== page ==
The most frequent genetic susceptibility to myelodysplastic syndrome and acute myeloid leukemia (AML) is DDX41 germline mutations (DDX41MutGL). DDX41MutGL myeloid cancers may be regarded as a separate entity, according to recent findings, even when their exact presentation and prognosis were unknown. For a study, researchers sought to outline the molecular and clinical characteristics of 191 individuals with DDX41MutGL AML.
These individuals’ baseline characteristics and outcomes were compared to those of 1,604 patients with DDX41 wild-type (DDX41WT) AML, representing a prevalence of 5%, in 5 prospective Acute Leukemia French Association/French Innovative Leukemia Organization studies. Most DDX41MutGL AML patients were male (75%), in their seventh decade, with normal cytogenetics (75%), few other somatic mutations, low leukocyte count (median, 2 × 109/L), low bone marrow blast infiltration (median, 33%), and low bone marrow blast infiltration (median, 2).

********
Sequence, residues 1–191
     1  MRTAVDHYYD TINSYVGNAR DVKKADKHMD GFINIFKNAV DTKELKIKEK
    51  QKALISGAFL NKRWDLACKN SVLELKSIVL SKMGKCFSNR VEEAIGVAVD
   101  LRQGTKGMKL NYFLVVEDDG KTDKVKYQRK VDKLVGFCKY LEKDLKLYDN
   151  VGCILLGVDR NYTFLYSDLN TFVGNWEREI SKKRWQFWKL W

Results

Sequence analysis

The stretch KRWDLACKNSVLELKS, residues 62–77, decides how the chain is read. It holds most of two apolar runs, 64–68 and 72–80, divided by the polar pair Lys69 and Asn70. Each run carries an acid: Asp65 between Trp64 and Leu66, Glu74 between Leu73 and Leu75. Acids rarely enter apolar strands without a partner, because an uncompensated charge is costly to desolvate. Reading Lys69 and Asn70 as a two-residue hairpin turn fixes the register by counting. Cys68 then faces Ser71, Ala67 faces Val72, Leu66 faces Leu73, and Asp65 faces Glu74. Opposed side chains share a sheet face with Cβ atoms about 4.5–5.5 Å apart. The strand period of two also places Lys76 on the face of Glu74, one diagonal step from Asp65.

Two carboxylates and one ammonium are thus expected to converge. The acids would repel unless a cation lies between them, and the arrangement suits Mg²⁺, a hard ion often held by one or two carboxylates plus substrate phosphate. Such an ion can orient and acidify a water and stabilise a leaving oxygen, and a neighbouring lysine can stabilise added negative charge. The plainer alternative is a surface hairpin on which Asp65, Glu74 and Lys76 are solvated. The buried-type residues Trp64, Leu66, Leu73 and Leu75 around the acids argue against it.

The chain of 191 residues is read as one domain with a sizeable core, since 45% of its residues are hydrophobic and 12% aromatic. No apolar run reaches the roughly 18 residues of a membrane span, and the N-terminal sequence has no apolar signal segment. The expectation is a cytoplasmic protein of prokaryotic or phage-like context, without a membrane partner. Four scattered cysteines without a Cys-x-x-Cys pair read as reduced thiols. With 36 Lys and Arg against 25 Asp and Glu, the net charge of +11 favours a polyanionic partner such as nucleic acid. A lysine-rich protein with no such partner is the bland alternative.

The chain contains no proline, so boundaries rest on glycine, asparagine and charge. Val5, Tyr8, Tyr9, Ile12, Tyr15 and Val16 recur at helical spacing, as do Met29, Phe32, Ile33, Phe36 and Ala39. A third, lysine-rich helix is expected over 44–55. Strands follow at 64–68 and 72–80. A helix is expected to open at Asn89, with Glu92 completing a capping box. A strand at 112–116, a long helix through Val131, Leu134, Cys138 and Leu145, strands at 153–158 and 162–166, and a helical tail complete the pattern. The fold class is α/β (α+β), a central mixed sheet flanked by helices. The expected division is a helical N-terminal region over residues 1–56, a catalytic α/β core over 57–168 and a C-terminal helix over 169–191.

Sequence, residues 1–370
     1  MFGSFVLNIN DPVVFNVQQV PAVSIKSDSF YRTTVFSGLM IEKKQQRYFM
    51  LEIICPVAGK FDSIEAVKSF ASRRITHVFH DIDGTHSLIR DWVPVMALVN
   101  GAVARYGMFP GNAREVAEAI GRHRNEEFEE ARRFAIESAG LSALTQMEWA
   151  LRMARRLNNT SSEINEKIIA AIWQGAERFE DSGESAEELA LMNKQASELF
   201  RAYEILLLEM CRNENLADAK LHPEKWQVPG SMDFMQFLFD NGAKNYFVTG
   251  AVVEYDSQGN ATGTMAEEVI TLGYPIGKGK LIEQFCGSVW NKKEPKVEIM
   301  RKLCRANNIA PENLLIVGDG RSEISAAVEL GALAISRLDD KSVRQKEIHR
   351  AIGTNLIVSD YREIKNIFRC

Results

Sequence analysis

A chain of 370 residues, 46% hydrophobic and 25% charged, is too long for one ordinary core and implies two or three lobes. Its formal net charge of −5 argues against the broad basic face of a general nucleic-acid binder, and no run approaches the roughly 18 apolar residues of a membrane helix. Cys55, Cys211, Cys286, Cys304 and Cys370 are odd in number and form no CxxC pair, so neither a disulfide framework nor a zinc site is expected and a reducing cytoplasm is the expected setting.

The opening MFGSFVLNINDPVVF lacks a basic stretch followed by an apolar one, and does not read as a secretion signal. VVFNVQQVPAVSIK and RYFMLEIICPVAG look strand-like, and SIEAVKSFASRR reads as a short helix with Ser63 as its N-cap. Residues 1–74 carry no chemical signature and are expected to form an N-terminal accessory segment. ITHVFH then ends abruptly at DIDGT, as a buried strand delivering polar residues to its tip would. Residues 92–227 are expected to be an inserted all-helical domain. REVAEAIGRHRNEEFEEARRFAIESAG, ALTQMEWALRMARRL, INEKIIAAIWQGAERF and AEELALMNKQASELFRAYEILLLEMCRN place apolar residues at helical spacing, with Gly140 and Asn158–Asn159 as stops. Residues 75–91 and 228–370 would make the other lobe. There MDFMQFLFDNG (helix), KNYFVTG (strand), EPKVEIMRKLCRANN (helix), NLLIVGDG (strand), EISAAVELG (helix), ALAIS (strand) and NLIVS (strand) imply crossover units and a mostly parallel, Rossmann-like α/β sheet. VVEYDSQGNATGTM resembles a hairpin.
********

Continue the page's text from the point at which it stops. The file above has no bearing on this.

Eighty-two percent of patients had a second somatic DDX41 mutation, known as DDX41MutSom, and clonal architecture inference showed that it could be the primary factor for AML to proceed. In comparison to 2017 European LeukemiaNet intermediate/adverse (Int/Adv) DDX41WT patients (5-year difference in restricted mean survival times, 13.6 months; P<.001), DDX41MutGL patients had higher complete remission rates (94% vs 69%; P<.0001) and longer restricted mean overall survival censored at hematopoietic stem cell transplantation (HSCT). Relapse rates censored at HSCT were lower in patients with DDX41MutGL at 1 year (15% vs 44%) but eventually rose to be comparable to individuals with Int/Adv DDX41WT at 3 years (82% vs 75%).
HSCT in the first complete remission was linked to a longer relapse-free survival (hazard ratio, 0.43; 95% CI: 0.21-0.88; P=.02), but not a longer overall survival (hazard ratio, 0.77; 95%CI: 0.35-1.68; P=.5).